Nevertheless, Miss Asazu did participate for a day in the bobsled training camp held in August in Sugadaira, Nagano Prefecture. “When I tried pushing the heavy sled, I realized that it required a great amount of explosive strength. I felt that it would bring benefits to me,” says Miss Asazu. She began to ponder competing in the bobsled, and decided to ask her older sister Yuko Asazu (a member of the Hisamitsu Springs volleyball team) for advice. “Try it,” said her sister. “I'll help you with the traveling expenses.” Upon receiving these encouraging words from her sister, Miss Asazu decided to try competing in the bobsled.

Beginning in September, Miss Asazu participated in foreign events used for the selection of Olympic athletes. In Germany, she had her first experience of speeding down an icy course. “I didn't feel scared,” she says. “The breaker lowers her head and hunkers down inside of the sled, so there is no wind resistance. You can't really feel the speed at which you are traveling.”

World Cup crash results in contusions and friction burns.
Track and field in the summer, bobsled in the winter.

However, Miss Asazu's bobsled flipped over when she was competing in the World Cup held in Lake Placid in America. Her left shoulder and buttocks received severe contusions and she also suffered from friction burns. “The course had a total of 20 curves, and we flipped over on the 5th curve. I thought I would die if I let go of the sled, so I hung on as hard as I could. It really felt like we went a long way by the time the bobsled glided across the finish line,” laughs Miss Asazu. “The experience of my first crash taught me about the scariness of the event. However, I trust my pilot, so there is no problem.” Even now, her left shoulder hasn't fully recovered from the crash.

In December, as a result of the selection process, Miss Asazu was chosen from among 5 prospective athletes to represent Japan at the Olympics. “I felt apprehensive about how quickly I was chosen as an Olympic representative,” she says. “I worried about many things. However, I decided to focus on accepting the challenge placed in front of me.”

Miss Asazu stands 175 centimeters tall and weighs 72 kilograms. Japan has never had a breaker of her size. According to international rules, the combined weight of the bobsled and the 2 riders must be 360 kilograms or less. Decreasing the weight of the bobsled and increasing the weight of the 2 riders creates greater acceleration and gives the racers an advantage. In addition to her height and weight, Miss Asazu also possesses extremely powerful legs.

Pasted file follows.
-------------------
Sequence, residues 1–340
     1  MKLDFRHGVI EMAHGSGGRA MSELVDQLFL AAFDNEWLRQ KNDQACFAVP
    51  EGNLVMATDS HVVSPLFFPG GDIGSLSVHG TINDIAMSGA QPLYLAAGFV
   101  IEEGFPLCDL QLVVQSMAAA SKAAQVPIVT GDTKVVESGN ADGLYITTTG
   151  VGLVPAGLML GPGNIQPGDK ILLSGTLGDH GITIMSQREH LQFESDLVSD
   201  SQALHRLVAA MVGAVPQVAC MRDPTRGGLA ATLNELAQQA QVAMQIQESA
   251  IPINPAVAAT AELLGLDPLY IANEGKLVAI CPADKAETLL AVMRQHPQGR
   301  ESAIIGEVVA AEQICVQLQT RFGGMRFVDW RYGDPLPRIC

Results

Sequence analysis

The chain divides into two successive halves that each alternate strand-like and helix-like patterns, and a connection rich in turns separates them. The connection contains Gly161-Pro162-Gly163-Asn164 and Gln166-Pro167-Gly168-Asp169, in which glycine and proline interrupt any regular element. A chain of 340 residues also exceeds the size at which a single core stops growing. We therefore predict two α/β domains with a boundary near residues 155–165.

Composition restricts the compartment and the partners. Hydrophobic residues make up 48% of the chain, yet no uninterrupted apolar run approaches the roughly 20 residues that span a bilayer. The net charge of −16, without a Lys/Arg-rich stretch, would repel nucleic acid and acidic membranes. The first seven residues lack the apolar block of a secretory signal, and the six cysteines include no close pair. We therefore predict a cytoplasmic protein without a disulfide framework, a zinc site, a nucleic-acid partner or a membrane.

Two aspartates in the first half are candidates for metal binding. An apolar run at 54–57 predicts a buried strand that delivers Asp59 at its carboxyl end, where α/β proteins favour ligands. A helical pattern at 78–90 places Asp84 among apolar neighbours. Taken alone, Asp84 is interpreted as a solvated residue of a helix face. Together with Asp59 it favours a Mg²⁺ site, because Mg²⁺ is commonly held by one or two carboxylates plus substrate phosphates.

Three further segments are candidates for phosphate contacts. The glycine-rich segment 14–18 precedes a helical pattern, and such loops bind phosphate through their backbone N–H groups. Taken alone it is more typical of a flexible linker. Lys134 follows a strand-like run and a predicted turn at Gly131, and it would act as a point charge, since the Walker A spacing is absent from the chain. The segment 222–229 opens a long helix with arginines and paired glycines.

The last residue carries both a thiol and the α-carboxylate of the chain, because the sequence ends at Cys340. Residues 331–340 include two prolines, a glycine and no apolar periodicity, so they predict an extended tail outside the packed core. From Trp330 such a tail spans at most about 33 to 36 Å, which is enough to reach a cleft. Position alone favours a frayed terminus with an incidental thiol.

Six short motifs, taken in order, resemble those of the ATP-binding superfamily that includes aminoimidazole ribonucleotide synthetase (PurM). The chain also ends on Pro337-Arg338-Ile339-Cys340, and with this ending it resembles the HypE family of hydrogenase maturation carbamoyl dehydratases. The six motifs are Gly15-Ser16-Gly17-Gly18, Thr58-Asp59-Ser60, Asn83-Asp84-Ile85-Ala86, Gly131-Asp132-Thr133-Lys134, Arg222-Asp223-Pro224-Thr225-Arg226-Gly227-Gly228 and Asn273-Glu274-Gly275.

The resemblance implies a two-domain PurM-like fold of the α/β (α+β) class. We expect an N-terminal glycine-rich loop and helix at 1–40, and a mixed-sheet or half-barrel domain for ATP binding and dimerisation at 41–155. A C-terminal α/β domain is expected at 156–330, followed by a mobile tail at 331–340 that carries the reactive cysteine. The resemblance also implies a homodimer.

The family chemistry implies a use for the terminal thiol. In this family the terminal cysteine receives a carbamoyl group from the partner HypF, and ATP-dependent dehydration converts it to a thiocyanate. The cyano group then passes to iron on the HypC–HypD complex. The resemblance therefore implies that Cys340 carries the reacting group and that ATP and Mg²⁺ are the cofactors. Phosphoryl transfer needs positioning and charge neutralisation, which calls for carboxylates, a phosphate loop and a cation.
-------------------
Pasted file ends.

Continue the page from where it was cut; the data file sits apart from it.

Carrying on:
Smiling and shaking hands with Chair Hisano.

When preparing for her event at the Olympics, Miss Asazu worked hard to maintain her weight at 72 kilograms. Her bobsled flipped over 3 times during the formal practices prior to the Olympics. Due to all of the accidents, she took the safety measure of wearing protective equipment on her shoulders and buttocks during the official race. “I place all of my faith in the pilot when I ride in the bobsled. I have the course memorized perfectly, so I just ride and count the number of curves,” says Miss Asazu. The breaker is responsible for pulling the break the instant that the bobsled passes the finish line. If the breaker makes a mistake when counting the number of curves, the break will be pulled too late and the bobsled may slide off the course, resulting in an accident.

“Getting through those 6 months took a lot of courage,” says Miss Asazu. “I experienced many things that most other people never have a chance to encounter.” Miss Asazu has used her Olympic experience to help her find new goals. From now on, she will practice track and field in the summer and the bobsled in the winter. “For the time being, I want to lose weight and increase my strength in order to compete in track and field events. Then, I hope to add new strength that can be used in the bobsled and to increase my weight to 75 kilograms,” says Miss Asazu when explaining her goals. Even after graduating from Chuo University, she will continue to practice at the university's track and field facilities.

On March 9th, Miss Asazu met with Chancellor and President Kazuyuki Nagai as well as Shuji Hisano, Chairman of the Board of Regents. During these meetings, she reported on her experience at the Vancouver Olympics and expressed her gratitude for the support that she received from the university. Azasu received words of encouragement from both Chancellor and President Nagai and Chair Hisano, and is now looking forward to her next challenge four years from now.

(Editorial Office)